Thunderstorm Survival 101: 6 Things You Must Know

The latest bout of summer storms are pelting much of the U.S. Before the next thunderstorm strikes, learn how to weather it with this survival guide.

thunderstorm survival

Your chances of getting struck by lightning are 1 in 600,000. But that doesn’t mean you want to take that chance — especially with summer thunderstorms making headlines these past few weeks.

When confronting the awesome power of nature’s tempests, knowing what to do can literally be a lifesaver. To avoid coming face-to-face with a lightning bolt and its million volts of electricity, here’s what you need to know.

1. Your (hardtop) car is the second safest place to be 

It may seem counterintuitive, but it’s true. If you can’t make it indoors, seek shelter inside an enclosed vehicle.

During a lightning storm, your car is protected — but not because rubber tires insulate it (that’s a myth). Rather, it’s because the metal acts as a conductor, channeling the energy around the surface of the vehicle into the ground.

If you’re waiting out the storm in your ride, pull over to the side of the road, unbuckle your seat belt, turn off the engine, and avoid touching the steering wheel, door handle, gears — anything with metal — until the storm passes.

2. Don’t handle any electrical equipment or power cords

Lightning can travel long distances through electrical wires and enter your home. To avoid an electrical surge, unplug your electronics (TV, computer, microwave, etc.) if you know a storm is coming.

While corded phones are going the way of the dodo in most households, if you have one, don’t use it a storm. Believe it or not, talking on a landline is the leading cause of indoor lightning injury in the U.S.

3. Postpone showering if a storm is raging around you

Just as lightning can travel through your home’s electrical wires, it can also run through your plumbing system.

So if there’s an electrical charge and you turn on your shower, you could bathe in a million volts of electricity. (Ouch!)

4. Don’t lie on concrete floors or lean against concrete walls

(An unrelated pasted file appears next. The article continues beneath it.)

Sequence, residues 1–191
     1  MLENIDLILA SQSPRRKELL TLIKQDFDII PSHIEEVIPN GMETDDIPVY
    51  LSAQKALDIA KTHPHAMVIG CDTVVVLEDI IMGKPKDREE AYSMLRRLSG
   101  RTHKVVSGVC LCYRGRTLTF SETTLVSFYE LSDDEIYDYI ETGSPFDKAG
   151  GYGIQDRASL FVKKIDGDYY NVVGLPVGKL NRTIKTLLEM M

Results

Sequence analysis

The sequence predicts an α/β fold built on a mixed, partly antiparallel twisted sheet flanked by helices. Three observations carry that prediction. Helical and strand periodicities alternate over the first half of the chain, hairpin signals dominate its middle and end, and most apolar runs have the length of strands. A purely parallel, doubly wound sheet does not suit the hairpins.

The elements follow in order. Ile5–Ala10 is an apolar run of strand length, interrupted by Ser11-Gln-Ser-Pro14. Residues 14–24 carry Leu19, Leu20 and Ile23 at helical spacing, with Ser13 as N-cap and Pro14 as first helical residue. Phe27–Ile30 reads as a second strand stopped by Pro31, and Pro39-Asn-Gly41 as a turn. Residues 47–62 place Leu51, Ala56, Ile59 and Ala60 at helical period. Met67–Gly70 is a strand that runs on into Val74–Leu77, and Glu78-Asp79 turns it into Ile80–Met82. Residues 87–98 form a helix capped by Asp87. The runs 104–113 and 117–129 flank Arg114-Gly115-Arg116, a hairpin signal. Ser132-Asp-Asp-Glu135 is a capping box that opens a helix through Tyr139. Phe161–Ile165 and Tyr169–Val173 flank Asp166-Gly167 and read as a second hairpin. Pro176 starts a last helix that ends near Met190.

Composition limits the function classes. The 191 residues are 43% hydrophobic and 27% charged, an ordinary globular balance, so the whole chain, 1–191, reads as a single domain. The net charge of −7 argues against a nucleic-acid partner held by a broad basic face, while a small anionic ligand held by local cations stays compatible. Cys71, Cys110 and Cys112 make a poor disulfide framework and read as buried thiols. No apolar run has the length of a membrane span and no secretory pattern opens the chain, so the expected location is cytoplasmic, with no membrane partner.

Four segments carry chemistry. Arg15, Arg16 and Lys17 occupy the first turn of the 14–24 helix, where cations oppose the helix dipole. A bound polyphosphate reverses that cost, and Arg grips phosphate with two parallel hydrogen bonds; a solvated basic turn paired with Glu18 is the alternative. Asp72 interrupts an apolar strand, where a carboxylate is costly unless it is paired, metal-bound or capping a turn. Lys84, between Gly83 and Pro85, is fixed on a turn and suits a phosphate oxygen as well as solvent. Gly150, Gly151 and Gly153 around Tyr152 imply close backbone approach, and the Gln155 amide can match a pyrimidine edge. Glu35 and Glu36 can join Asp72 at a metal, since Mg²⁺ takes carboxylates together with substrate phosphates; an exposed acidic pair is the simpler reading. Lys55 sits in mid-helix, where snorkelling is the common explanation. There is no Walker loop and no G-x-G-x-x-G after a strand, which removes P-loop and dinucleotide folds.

Since concrete is generally reinforced with steel, it can conduct electricity. Avoid direct contact with concrete if a storm is raging near you.

5. Seek shelter immediately if you can feel your hair stand on end

Thunderstorms can be hair-raising — literally.

In fact, if you’re outside and you can feel your hair rise, there’s a good chance that lightning is about to strike (positive charges are rising through you, reaching for the negative charge of the lightning bolt). If this happens, seek safe shelter ASAP.

If there’s nothing around, squat low to the ground on your toes, cover your ears, and tuck your head between your knees. Your goal is to be the lowest thing around and minimize contact with the ground.

6. Stay indoors for 30 minutes after the last thunderclap

The storm blasted through. Now, the sky’s blue and the sun is shining. All’s quiet on the western front, right?

Well, not quite. According to the National Oceanic and Atmospheric Administration, lightning can strike as far as 10 miles away from rainfall, which means you should wait awhile before heading outside.

Thunderstorm survival in a nutshell

If there’s one thing you need to know about avoiding danger, it’s this: if you hear thunder, then get indoors as soon as you can.

Of course, if the thunderstorm should happen to damage your car, home, or apartment, you’ll be glad to know that your auto, homeowners, or renters policy can step in to help. Get a quote today.

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